Photographer Perfectly Captures Current Smartphone Dystopia

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Photographer Perfectly Captures Current Smartphone Dystopia

Photo by Welcomia via 123RF

 

Smartphones have made our lives easier in more ways than one, and we can’t deny that. Through our phone devices, we connect to the internet and gain access to all information literally at our fingertips. We can get new recipes just right before we start planning for lunch, know if we are sick and what type of diseases we might have based on the symptoms we currently have, and connect with our loved ones, friends, families, and even strangers from across the seas. Heck, we can even know what the weather is going to be like just by asking the AI in our smartphone.

But what is the toll for having such a convenient life? Ironically, the very thing that is connecting us to people around the world has also made us feel more distant with those who are physically close to us. We tend to forget a lot of things because we are too preoccupied with whatever it is we’re doing in our phones, and we can get lost even in familiar territories if the map application on our smartphone is not working.

Indeed, physical human interaction has been reduced quite shockingly in favor of constant attention to a virtual dimension working non-stop to satisfy our digital cravings.

Photographer Eric Pickersgill sees it all from an outsider’s perspective, capturing what has become of our world ever since our lives have become enslaved by our smartphones. He shows what has happened to people who are so preoccupied with their gadget, not by focusing on the smartphone but actually taking the device out of the picture, literally.

Here are some of Pickersgill’s photos that show the sad reality of the modern world we live in.

 

Photo by Eric Pickersgill via QZ

 

Wake up

Gone are the days of waking up next to your partner with their face being the first thing you see. Then, if you’re lucky enough, you could quietly wake them up and maybe cuddle for a bit before getting up to prepare breakfast and suit up for work. Now, even if you lie next to each other, the first thing you do is to wake your phone up and see if you have emails from your boss or new private messages or notifications on Facebook. Worse, your partner is doing the same thing.

 

Photo by Eric Pickersgill via QZ

 

Squad goals

Coming over to a friend’s house as a group sounds like a fun idea. You get to eat anything from the fridge, watch television or a movie together, or share some gossips, or maybe all at once. But that was before because the value of friendship today is determined by how often you’d chat with other people on social media and how often you’d interact with each other in tweets and/or posts. Today, coming over to a friend’s house may just mean sharing the Wi-Fi with your buddies because we can no longer communicate without our network-connected smartphones.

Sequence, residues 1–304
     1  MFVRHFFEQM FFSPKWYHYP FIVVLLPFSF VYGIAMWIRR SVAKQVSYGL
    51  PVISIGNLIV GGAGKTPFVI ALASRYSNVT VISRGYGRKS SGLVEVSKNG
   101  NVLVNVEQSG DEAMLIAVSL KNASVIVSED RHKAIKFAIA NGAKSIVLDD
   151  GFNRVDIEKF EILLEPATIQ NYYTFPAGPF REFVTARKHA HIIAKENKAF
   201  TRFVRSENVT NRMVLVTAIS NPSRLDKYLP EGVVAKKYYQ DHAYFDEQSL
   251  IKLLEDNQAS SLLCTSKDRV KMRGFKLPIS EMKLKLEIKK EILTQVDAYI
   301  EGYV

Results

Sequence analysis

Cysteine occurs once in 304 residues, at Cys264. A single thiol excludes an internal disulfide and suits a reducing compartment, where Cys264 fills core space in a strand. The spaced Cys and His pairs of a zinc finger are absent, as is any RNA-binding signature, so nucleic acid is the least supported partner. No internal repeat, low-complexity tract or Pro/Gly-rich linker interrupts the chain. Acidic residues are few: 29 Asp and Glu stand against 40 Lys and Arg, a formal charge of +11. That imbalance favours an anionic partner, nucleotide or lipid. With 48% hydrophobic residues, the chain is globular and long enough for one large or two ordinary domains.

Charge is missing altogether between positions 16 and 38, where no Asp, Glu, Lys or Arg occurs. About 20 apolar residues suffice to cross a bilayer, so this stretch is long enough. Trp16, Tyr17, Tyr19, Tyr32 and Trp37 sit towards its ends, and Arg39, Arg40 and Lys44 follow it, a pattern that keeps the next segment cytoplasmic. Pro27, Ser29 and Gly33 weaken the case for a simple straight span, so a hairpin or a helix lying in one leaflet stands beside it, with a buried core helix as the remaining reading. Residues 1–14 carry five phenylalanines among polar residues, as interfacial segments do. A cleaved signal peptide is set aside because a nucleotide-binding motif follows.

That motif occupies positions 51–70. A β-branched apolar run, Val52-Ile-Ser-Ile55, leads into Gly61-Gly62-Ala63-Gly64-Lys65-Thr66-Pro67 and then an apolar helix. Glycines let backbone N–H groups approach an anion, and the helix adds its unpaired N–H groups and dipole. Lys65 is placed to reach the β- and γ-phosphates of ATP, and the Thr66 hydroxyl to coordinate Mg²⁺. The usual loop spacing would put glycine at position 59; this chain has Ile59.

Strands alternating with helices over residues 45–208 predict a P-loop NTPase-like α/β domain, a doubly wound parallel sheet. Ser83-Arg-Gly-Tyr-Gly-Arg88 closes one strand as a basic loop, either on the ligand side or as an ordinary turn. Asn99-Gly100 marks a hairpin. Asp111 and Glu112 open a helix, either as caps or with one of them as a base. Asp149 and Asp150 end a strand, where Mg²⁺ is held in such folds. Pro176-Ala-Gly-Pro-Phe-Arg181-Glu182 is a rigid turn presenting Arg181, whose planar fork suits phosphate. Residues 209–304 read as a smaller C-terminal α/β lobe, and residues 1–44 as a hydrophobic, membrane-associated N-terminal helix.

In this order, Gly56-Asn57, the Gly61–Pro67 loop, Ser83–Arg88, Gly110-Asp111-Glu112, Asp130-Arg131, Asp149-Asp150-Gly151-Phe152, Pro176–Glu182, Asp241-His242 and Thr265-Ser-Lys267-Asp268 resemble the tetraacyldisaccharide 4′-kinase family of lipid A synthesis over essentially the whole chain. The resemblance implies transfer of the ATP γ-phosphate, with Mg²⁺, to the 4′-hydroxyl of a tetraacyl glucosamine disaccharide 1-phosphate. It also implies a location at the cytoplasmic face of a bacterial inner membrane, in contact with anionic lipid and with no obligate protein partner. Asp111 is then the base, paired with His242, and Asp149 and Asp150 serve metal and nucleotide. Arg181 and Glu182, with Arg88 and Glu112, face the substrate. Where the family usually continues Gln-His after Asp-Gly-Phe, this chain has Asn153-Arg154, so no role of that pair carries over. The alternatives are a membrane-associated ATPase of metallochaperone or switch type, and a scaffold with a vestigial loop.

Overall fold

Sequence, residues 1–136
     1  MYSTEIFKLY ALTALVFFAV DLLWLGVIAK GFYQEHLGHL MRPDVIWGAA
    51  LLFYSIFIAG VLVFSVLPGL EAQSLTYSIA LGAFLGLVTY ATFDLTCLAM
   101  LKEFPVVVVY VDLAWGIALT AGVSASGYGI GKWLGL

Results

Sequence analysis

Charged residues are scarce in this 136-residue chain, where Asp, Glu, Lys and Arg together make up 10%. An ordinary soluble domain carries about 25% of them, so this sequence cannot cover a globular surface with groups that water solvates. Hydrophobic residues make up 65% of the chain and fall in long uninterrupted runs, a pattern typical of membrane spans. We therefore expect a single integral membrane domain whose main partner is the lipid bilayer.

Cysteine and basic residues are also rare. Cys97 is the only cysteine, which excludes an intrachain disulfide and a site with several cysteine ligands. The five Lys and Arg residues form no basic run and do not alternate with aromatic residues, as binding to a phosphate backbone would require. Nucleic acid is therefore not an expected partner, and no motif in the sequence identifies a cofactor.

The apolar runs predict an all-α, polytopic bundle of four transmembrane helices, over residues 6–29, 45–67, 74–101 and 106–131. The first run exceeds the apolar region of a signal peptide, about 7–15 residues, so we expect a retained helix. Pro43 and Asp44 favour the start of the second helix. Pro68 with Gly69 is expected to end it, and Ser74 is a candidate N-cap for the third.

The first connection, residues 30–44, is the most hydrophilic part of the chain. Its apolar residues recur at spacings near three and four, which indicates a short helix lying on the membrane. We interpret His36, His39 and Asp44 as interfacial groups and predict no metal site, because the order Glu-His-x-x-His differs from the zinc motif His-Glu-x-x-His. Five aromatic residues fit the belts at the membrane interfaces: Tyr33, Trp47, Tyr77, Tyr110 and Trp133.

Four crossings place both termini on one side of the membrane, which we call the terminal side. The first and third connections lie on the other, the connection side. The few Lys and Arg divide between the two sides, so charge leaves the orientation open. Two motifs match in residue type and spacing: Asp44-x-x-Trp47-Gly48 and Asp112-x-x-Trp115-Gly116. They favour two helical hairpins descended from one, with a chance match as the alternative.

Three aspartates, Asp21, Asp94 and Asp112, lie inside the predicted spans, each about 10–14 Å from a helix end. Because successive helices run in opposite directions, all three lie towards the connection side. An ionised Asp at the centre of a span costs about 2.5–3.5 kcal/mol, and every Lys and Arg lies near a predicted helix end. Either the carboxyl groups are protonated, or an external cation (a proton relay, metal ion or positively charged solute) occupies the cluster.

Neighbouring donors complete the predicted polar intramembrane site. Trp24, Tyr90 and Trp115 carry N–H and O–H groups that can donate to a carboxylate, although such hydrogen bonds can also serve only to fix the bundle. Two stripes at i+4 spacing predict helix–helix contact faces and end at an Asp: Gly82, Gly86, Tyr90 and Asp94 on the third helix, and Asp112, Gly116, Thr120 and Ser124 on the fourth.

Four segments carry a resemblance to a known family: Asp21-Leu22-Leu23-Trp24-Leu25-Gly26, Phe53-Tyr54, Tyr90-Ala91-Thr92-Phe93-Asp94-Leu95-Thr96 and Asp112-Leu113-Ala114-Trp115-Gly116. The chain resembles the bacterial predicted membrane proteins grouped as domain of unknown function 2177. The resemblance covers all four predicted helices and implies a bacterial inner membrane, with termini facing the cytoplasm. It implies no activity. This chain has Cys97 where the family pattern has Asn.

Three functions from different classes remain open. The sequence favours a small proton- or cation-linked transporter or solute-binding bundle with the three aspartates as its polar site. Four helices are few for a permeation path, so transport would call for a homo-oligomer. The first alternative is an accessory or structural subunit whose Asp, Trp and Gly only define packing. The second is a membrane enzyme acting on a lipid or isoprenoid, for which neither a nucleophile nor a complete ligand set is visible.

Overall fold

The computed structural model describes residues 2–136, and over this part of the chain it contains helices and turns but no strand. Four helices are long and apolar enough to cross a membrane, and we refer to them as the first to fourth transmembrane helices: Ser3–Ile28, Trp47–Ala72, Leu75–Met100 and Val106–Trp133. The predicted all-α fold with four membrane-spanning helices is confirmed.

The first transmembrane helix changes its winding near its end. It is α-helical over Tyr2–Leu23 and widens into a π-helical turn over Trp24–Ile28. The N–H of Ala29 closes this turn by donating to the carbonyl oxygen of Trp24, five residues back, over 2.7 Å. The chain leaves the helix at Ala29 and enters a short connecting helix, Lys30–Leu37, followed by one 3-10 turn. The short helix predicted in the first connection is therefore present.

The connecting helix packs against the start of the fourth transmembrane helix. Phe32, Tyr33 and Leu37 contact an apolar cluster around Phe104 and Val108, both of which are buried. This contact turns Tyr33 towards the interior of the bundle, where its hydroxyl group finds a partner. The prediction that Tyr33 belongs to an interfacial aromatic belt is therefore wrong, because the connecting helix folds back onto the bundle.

Photo by Eric Pickersgill via QZ

 

Pretend cuddling

Like the first example, this shows how intimacy is nothing but a superficial concept nowadays. Who needs cuddling and kissing when you could just send your partner a thousand heart emojis with a kissing face to make it even cuter? Pretty sure your significant other sitting right next to you, or on top of you, is going to appreciate that and think that that’s all it takes to prove how much you love them.

 

Photo by Eric Pickersgill via QZ

 

Kids nowadays

Children used to love playing outside and getting dirty and ragged before coming back home where a hot shower and meal are waiting. They used to reek of sweat that was the result of having fun of the physical kind. Now, we don’t see many kids going to the park to run around with a toy in hand, hang on monkey bars, slide down, or swing because they can’t be bothered to go out of the house as their eyes are fixed on video games and their hands busy mashing digital buttons.

 

Photo by Eric Pickersgill via QZ

 

Party pooper

A party at the backyard is supposed to be a get-together for family or friends where someone sets up the table while another grills some juicy steak. But we’re not really coming together nowadays because even though there’s grilling and food at the backyard, we are still preoccupied with our smartphones. While the steak has been cooked, it’s probably not going to be touched until everyone has taken a picture of it to be uploaded on Instagram with some hashtag that says #family or #gettogether.

 

Photo by Eric Pickersgill via QZ

 

Where’s the attention?

Here, we can clearly see how the smartphone epidemic has affected even those who don’t use it as much. They may want to bond with you, but if you’re busy checking out your social media account or looking at an online catalog, they will just feel left out and ignored. We can’t help but feel sorry for the person who is not being prioritized but is instead replaced by a device of finite value.

 

Photo by Eric Pickersgill via QZ

 

At the dinner table

Perhaps the most heartbreaking of Pickersgill’s photographs is this one that shows how a smartphone has invaded our families and broken the bond that connects each member. Eating together at the table should be the most valuable thing a family does because it is where everyone shares a piece of themselves by telling each other stories. Sadly, we only share stories on Facebook and Instagram today.

 

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